Announcement

Collapse
No announcement yet.

Can I use ABS plastic for 75 RPM bushings?

Collapse
X
 
  • Filter
  • Time
  • Show
Clear All
new posts

  • gambler
    replied
    plans yet?

    Leave a comment:


  • IdahoJim
    replied
    Originally posted by gambler View Post
    get that video posted yet?
    Just finishing the unit. Was going to do the vid today, but when I leak-tested, I had a couple of seeps. The speed is slightly slow, but probably perfect for flour gold. Because flour gold is really flat, it tends to settle slower. The longer interval of the slower pulse rate allows that. I didn't make that up...it's something I learned when researching jigs. For this unit, the answer is a two-lobed cam. That would double the pulse rate, at the same motor speed, which would be too fast, so along with the two-lobed cam, a PWM speed control would be used. That would easily allow speeds from 75 (as it is now) to 150 cpm. For gems, I typically run mine at about 100 cpm.
    But, while building this unit, I came up with what I think will be the final design, so this one will be sold as the prototype it is, and there won't be another just like it. So I'll probably sell this one just like it is, without putting more time into it. The new model will be even lighter and more compact, but with the same capacity. My wife laughs when I say "final". "Better" ideas occur whenever I build anything...LOL
    Oh yeah...to everybody that helped on the bushing problem...I got the acetal, or Delrin, and it worked great. I used it for the mainshaft bushings, and the cam follower. It machines, and even threads, nicely. I glued the bushings into the ABS with Gorilla Glue.
    Jim
    Last edited by IdahoJim; 11-23-2013, 06:14 PM.

    Leave a comment:


  • gambler
    replied
    get that video posted yet?
    Originally posted by IdahoJim View Post
    That's in the works. Not for that model, but for a slightly smaller, simpler design. I'm building the prototype now. May sell finished units, kits, and plans. We'll see how it goes. The jig does work for almost anything...gems gold, etc. They're really versatile. Should have a video of the new model within a week, or so.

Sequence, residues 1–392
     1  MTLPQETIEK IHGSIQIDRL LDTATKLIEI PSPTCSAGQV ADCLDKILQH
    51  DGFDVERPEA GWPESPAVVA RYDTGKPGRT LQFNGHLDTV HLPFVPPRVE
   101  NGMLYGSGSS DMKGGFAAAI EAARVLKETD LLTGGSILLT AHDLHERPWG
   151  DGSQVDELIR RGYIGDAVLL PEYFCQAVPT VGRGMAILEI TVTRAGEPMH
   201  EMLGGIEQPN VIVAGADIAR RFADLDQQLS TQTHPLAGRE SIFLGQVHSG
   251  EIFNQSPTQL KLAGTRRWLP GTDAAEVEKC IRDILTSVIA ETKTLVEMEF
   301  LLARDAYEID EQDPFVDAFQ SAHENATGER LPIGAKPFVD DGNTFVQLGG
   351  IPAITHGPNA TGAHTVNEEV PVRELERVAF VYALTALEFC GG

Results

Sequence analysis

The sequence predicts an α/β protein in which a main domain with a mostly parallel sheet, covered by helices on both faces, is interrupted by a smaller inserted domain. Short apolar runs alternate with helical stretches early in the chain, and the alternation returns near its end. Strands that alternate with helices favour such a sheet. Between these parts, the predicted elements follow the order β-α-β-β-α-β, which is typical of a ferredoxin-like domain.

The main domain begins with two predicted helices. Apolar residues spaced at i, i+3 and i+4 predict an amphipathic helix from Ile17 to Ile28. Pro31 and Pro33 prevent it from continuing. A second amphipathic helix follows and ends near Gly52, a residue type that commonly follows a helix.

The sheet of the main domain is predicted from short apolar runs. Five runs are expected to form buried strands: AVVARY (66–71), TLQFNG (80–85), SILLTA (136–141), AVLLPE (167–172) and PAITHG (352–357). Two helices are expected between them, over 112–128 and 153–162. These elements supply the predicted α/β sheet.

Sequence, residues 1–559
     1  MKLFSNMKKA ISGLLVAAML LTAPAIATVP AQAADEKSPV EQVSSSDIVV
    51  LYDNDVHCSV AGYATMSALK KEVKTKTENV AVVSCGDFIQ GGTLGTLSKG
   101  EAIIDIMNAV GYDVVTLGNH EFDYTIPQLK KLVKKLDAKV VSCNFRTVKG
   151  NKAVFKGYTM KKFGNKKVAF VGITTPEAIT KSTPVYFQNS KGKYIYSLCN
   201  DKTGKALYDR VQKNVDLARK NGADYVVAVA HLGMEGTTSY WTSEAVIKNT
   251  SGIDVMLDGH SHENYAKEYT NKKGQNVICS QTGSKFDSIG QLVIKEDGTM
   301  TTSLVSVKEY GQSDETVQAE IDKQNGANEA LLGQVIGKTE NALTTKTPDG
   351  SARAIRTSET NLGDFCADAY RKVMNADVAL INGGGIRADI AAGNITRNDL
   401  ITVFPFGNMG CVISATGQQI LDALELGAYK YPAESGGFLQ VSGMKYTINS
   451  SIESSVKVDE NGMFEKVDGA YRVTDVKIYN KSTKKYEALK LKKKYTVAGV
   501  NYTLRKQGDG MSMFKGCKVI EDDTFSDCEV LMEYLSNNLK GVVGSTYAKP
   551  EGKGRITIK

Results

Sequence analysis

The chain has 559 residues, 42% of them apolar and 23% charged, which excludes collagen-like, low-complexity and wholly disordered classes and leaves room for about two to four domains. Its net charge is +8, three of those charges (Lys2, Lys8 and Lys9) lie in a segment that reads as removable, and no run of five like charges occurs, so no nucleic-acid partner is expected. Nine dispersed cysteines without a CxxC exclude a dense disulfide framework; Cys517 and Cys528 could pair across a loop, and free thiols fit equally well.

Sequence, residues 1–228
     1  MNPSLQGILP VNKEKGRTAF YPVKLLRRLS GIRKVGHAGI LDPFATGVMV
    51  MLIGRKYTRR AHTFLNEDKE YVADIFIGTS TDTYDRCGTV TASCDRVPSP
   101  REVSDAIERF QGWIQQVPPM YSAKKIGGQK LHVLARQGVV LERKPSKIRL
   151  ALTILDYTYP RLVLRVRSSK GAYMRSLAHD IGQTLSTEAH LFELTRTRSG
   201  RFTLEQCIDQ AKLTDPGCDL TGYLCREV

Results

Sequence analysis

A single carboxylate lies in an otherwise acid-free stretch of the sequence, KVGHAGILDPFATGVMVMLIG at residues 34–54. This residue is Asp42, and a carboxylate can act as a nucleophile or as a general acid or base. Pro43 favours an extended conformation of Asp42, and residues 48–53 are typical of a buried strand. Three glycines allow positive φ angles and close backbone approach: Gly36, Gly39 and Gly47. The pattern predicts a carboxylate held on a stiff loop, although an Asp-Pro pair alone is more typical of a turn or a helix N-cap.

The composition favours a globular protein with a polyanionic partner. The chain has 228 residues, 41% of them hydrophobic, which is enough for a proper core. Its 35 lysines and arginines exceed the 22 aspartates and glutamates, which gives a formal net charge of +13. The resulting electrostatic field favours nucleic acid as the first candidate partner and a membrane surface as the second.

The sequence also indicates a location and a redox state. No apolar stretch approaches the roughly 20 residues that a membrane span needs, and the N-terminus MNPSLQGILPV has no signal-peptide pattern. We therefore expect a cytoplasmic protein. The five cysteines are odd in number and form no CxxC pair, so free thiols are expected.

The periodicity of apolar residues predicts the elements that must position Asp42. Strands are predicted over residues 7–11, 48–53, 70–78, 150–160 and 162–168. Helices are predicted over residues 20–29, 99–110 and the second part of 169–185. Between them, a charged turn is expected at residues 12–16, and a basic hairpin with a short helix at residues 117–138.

Jim

    Leave a comment:


  • gambler
    replied
    Originally posted by IdahoJim View Post
    If I was using it for gold, I'd put 1" of 1/4" steel shot in the screen box. The gold will go through the shot into the hutch. The black sand will too. I'd classify to -#2, and put it all through the jig. The dirt and everything lighter than steel would stop at the layer of steel shot. The gems, if any would end up right on top of the shot layer. The dirt, gravel, etc would go out over the top. It would replace the sluice. To get rid of most of the black sand, you could run it again, using a layer of 1/8" lead shot. The lead, being heavier than iron, would get rid of the black sand, but allow the gold to go through. This would take a little experimentation to get the feed, and water flow right. Sometimes mines will use the first jig to make the big cut, and then run a cleanup jig as the final. Something I didn't mention....since the screen needs to be smaller than the shot size used, any larger gold will end up sitting on the screen, under the shot layer, rather than go through into the hutch.
    Jim
    so it has to go to the river, make it light and modular to fit in a backpack maybe. keep us informed. I have a spot with fine gold, I don't lose it panning, but it's hard to keep it in the sluice.

    Leave a comment:


  • IdahoJim
    replied
    Originally posted by gambler View Post
    this would be used before the blue bowl right, have you tried running heavy black sands through it? I picture running 1/4 mesh material through the sluice than the jig, than the blue bowl. Is that what you're going to do? Or does this replace the sluice?
    If I was using it for gold, I'd put 1" of 1/4" steel shot in the screen box. The gold will go through the shot into the hutch. The black sand will too. I'd classify to -#2, and put it all through the jig. The dirt and everything lighter than steel would stop at the layer of steel shot. The gems, if any would end up right on top of the shot layer. The dirt, gravel, etc would go out over the top. It would replace the sluice. To get rid of most of the black sand, you could run it again, using a layer of 1/8" lead shot. The lead, being heavier than iron, would get rid of the black sand, but allow the gold to go through. This would take a little experimentation to get the feed, and water flow right. Sometimes mines will use the first jig to make the big cut, and then run a cleanup jig as the final. Something I didn't mention....since the screen needs to be smaller than the shot size used, any larger gold will end up sitting on the screen, under the shot layer, rather than go through into the hutch.
    Jim

    Leave a comment:


  • gambler
    replied
    Originally posted by IdahoJim View Post
    That's in the works. Not for that model, but for a slightly smaller, simpler design. I'm building the prototype now. May sell finished units, kits, and plans. We'll see how it goes. The jig does work for almost anything...gems gold, etc. They're really versatile. Should have a video of the new model within a week, or so.
    Jim
    this would be used before the blue bowl right, have you tried running heavy black sands through it? I picture running 1/4 mesh material through the sluice than the jig, than the blue bowl. Is that what you're going to do? Or does this replace the sluice?